To British holidaymakers, the Bahamas are a haven of pristine beaches and stunning weather.
But for centuries, the islands, which lie in the heart of the feared patch of ocean known as the Bermuda Triangle, have been a death trap for ships.
Now, experts have plotted the locations of 176 vessels which sank off the islands between 1526 and 1976.
Some were carrying gold, while others had cargo ranging from sugar and tobacco to cotton and even African slaves.
A detailed map shows the locations of the wrecks, most of which (77) are American. Thirty-six of the vessels have been identified as having been British, while a further 19 were Spanish.
The majority of the ships – 145 (82 per cent) – were wrecked in the 19th century, whilst only three date back to the 16th century.
A further eight and 10 were lost in the 17th and 18th centuries respectively.
Experts have plotted the locations of 176 vessels which sank off the islands between 1526 and 1976
The Bahamas lie in the heart of the feared patch of ocean known as the Bermuda Triangle, have been a death trap for ships
The Bahamas Lost Ships Project was launched by US firm Allen Exploration in conjunction with wreck researcher James Jenney.
Top six lost ships identified by researchers
1. Nuestra Señora de las Maravillas (1656)
The 900-tonne Spanish vessel sank in 1656 after colliding with one of the boats from its fleet and then crashing into a coral reef near the Bahamas.
It has been extensively salvaged in the centuries since, but last year a dive team found gold and silver coins, jewels and gemstones that were being carried on the vessel.
Also included in the hoard were Spanish olive jars, Chinese porcelain, iron rigging and a silver sword handle that belonged to the soldier Don Martin de Aranda y Gusmán
2. El Dragon & San Antonio (1657)
In 1657, three more Spanish salvage ships, including the El Dragon and San Antonio converged on the wreck of the Maravillas and were all lost in a storm.
In total, ten Spanish expeditions tried to recover the Maravillas’ treasure up to 1679.
3. The Santo Domingo (1668)
The Santo Domingo was a smuggler ship involved in the Spanish slave trade.
It has appeared on maps of the western Little Bahama Bank since the late 17th century as the ‘Genovesa’ wreck.
4. The Sans Pareil (1804)
The Sans Pareil was a 16-gun French privateer which sank in 1804.
It was carrying General Lavalette and his retreating soldiers after fighting the former slave Toussaint Louverture, who had become Governor General of Saint-Domingue in the Dominican Republic.
5. The Celeste (1819)
The Celeste was loss of Grand Bahama island in 1819 after being seized by the Patriot privateer.
It was carrying 170 slaves and was almost certainly heading for Cuba.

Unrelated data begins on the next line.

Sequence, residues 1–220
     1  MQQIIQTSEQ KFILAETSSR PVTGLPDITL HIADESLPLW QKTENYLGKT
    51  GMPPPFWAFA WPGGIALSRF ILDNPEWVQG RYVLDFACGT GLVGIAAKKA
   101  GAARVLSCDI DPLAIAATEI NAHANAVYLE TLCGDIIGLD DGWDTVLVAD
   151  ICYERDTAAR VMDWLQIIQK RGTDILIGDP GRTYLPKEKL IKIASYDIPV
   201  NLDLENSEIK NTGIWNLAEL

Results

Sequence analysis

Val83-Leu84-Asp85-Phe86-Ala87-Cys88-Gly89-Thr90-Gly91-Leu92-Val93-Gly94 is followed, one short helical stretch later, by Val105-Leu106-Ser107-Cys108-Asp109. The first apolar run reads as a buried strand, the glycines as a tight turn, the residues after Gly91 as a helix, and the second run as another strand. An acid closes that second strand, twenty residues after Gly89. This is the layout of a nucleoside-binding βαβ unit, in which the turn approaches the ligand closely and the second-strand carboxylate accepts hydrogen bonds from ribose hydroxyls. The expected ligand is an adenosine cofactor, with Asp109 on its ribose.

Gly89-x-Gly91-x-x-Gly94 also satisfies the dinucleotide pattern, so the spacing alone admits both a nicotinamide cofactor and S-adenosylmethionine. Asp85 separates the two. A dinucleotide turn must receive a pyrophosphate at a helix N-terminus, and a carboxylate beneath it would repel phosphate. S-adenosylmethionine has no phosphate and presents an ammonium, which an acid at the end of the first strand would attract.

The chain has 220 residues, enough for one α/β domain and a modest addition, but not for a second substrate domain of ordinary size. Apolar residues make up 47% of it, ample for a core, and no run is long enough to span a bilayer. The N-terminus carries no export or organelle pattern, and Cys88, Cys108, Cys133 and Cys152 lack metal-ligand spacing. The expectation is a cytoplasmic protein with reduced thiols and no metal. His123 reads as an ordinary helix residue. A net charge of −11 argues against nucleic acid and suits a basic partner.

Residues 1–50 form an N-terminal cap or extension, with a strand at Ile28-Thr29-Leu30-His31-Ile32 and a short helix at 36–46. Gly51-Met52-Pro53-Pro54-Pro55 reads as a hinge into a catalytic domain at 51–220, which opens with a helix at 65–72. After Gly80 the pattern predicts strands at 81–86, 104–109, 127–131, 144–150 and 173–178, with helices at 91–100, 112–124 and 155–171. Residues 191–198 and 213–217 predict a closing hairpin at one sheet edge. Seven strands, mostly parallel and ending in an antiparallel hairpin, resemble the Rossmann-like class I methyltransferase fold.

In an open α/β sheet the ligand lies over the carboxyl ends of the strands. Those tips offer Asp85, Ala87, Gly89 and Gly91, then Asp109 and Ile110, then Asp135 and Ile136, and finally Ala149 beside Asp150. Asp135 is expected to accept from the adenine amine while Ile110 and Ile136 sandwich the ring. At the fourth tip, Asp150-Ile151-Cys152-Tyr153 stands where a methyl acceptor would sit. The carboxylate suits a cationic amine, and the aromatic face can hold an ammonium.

6. Crescent City (1855)
The Crescent City was a United States Mail Company steamer which was heading to New Orleans when it sunk off the Matanilla Reef in 1855.
The 1,800-ton Crescent City was transporting assorted merchandise worth $100,000, plus mail and passengers.
The research team used historical sources including archives and old newspaper clippings to identify the locations of the wrecks.
More than 70 per cent of the losses occurred west of an area known as Little Bahama Bank, above the western tip of the island of Grand Bahama.
At least 85 per cent of the wrecks were merchant vessels. The 251 cargo types identified are dominated by lumber, sugar and molasses.
But money, silver and gold are listed on eight ships, all of which are recorded as having been heavily salvaged shortly after they sank.
The research shows how 17 ships carrying highly valuable cargoes of cotton sank between 1822 and 1866.
The largest consignment was 3,912 bales shipped on the British flagged Duke, lost off Wood Cay Reef on April 14, 1852.
Most cargoes left from New Orleans in Louisiana, Mobile in Alabama and Galveston in Texas.
Their intended destinations ranged from New York to Trieste and Genoa in Italy and Liverpool in England.
By 1800, the US was producing 40 million pounds of cotton a year.
By the 1850s, half of the Old South’s ‘White gold’, which was picked by slaves, passed through New Orleans.
Ten of the cotton-trading ships lost off the northern Bahamas were American, three British, one Spanish and one Swedish.
According to the researchers, materials which could still be preserved underwater include bottled brandy, cochineal consignments for making dye, coconuts, madeira wine, military provisions and rum and whisky.
Fifty-five consignments of sugar, molasses, cigars, coffee, tobacco and timber identified on 28 wrecks are tied to the slave trade between West Africa and the Americas, especially Cuba.